# Normalized correlation with a constant vector

1. Feb 24, 2012

### daviddoria

I am confused how to interpret the result of preforming a normalized correlation with a constant vector. Since you have to divide by the standard devation of both vectors (reference: http://en.wikipedia.org/wiki/Cross-correlation#Normalized_cross-correlation ) , if one of them is constant (say a vector of all 5's, which has standard deviation=0), then the correlation is infinity, but in fact the correlation should be zero right? This isn't just a corner case, in general if the standard deviation of one of the vectors is small, the correlation to any other vector is very high. Can anyone explain my misinterpretation?

Thanks,

David

2. Feb 26, 2012

### Stephen Tashi

In that case, the expression for correlation takes the form 0/0, so you can't say it is infinity.

You raise an interesting question. It is important in practical applications of image processing. It's also a question about pure mathematics, but in that that respect it's more of a nitpicking detail.

In pure mathematics, perhaps some statistics texts define a value for the correlation in this case, but unless a special definition is given, all you can say about the mathematical expression is that it is undefined.

(If anyone wishes to delve into this technicality, we should begin by making a distinction among three distinct topics: covariance of two random variables, sample covariance, and estimator(s) of covariance. Things that are properties of samples (e.g. their variance) have somewhat arbitrary definitions (e.g. do we compute variance by dividing by N or N-1? ) and different books define them differently. Things that are properties of random variables and estimators of parameters have standard definitions, but I don't know if they are standardized in dealing with all the exceptional situations.)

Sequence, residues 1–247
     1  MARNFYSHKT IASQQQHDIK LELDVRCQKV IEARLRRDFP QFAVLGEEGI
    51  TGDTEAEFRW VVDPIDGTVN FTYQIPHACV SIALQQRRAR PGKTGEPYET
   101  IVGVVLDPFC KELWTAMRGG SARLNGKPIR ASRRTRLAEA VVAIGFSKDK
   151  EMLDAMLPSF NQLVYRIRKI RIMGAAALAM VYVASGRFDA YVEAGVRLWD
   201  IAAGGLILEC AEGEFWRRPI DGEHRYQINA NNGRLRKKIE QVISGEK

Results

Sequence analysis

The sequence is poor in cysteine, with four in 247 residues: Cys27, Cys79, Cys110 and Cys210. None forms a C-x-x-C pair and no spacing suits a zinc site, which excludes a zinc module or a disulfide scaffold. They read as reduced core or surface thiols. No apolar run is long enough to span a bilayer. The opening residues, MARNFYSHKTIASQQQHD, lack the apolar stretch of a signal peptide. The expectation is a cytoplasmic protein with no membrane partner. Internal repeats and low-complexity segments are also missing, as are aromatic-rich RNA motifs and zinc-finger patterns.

As a practical concern, I think you are worried that if you have image patch A and are trying to match it to other image patches in a photo, that it may have a large correlation to a nearly constant patch B, which it does not resemble. As far as I know, that might happen. Expressions that approach 0/0 can take large or small values depending on how they approach it.

I'm sure your next question is whether there is some modification of the correlation formula that would produce a function that would avoid this problem. Off hand, I don't know of one. I'll have to think about it.

3. Feb 26, 2012

### daviddoria

Yes, that is exactly what I am observing.

You got it :)

4. Feb 27, 2012

### Stephen Tashi

For each interior pixel in a patch at location (i,j), you can compute the difference (in each of the RGB intensities) between it and the 8 adjacent pixels. You could treat these differences as the data to be matched and match it with the cross-correlation function. That way a uniform patch wouldn't match well with a patch that had more variation. (This can be regarded as a special case of my suggestion in the other thread about using transformations. In this case the transformations are displacment of the patch by 1 pixel.)

If you want to cut the computational costs, you could only use the differences from a sample of pixels in the patch. Perhaps it wouldn't even have to be a truly random sample. You might be able to pick a subset of pixels that were in a deterministic but "random looking" pattern.